Clover Lands on Industry List of Top 40 Fast-Casual Brands in the U.S.
You probably don’t need an industry publication to tell you that “fast-casual 2.0,” the category of restaurants that aren’t quite fast food, and aren’t quite casual dining, is a big deal in business.
Also called “fine fast” in corporate parlance, these are brands built on the Chipotle model—elevated ingredients and design, and customizable meals. But this era of fast-casual takes it even a step further: Seasonal, chef-driven menus are often sourced locally, and served in a chic, cozy dining room, even if you ordered from a counter. Looking at you, Sweetgreen.
Seemingly each week, new brands announce plans to grow in Boston, and we’re not the only hot market. The national quick-service and fast-casual watchdog QSR Magazine has taken notice, and today it released its first-ever 40 Under 40 list, showcasing 40 brands with fewer than 40 locations that “we think stand the best shot at becoming the next big thing.”
The editors defined:
Fast casual 2.0 concepts are committed to: chef-driven menus and/or signature menu items; premium hospitality; a focus on experience rather than value; enhanced beverage programs, often including alcohol; high-quality and/or local, healthy ingredients; ambitions other than growth and profit; being cornerstones in their community; embracing peers through collaboration; entrepreneurship and innovation; and long-term relationships with stakeholders.
Clover Food Lab is the sole local entrant, though numerous brands that have set up shop in Boston, or plan to, made the list.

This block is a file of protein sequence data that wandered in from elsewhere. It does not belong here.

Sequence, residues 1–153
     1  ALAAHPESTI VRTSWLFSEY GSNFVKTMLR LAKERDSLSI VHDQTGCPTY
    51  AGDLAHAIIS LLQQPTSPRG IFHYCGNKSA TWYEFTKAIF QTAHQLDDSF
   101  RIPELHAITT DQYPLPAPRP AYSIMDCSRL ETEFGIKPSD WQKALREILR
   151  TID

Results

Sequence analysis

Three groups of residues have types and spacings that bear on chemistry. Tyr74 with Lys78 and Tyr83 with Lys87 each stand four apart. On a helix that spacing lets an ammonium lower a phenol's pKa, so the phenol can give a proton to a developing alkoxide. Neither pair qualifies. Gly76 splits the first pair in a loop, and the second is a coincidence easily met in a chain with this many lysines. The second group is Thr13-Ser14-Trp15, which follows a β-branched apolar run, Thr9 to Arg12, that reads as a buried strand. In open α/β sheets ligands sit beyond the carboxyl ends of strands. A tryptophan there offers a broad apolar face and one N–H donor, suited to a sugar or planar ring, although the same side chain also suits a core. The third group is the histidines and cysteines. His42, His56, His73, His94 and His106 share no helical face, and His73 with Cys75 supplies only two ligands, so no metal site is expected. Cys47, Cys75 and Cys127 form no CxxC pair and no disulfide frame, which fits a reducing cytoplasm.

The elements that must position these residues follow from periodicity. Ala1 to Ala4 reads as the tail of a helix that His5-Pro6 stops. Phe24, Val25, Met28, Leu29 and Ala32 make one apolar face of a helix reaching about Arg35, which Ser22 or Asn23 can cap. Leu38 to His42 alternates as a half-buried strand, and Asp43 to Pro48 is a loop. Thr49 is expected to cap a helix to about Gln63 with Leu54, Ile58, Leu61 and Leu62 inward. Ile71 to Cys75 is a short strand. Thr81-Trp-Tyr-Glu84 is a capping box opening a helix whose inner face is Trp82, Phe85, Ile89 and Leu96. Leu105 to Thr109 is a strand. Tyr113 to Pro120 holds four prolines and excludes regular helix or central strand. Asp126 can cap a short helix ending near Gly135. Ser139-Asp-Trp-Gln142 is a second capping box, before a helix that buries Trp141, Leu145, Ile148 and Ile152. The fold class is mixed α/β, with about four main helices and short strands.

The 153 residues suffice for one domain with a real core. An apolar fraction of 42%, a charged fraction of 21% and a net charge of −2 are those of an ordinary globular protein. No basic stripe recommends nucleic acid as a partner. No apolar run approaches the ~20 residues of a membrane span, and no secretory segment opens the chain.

Clover, started in 2008 as a food truck by MIT alum and Harvard MBA Ayr Muir, is categorized in “tier 3” of the 40 Under 40 list, meaning “the pieces are all there.” It’s touted for its transparency: “There’s the recipe development process that’s open to the public and the fact that the brand sources its ingredients regionally,” QSR notes. The Cambridge-born brand now has 12 units, including suburban outposts in Burlington and Westford.
Luke’s Lobster, the seafood shack started by a Maine native and former Wall Street investment banker, has two locations in Boston. With 21 units in nine states, and six international locations, Luke’s in “tier 1,” among what QSR calls “the runaway trains.” That level also includes conveyor belt pizza chain, &pizza, which is opening in Harvard Square.
Tier 2 brands are “on the cusp of greatness,” and include Dig Inn, which has one Boston restaurant and counting, and Honeygrow, a Philadelphia-based stir-fry chain headed for Fenway. Num Pang, a Cambodian sandwich shop, will open its first location outside New York City in the Prudential Center. It’s alongside Clover in tier 3.
Check out the full list on qsrmagazine.com.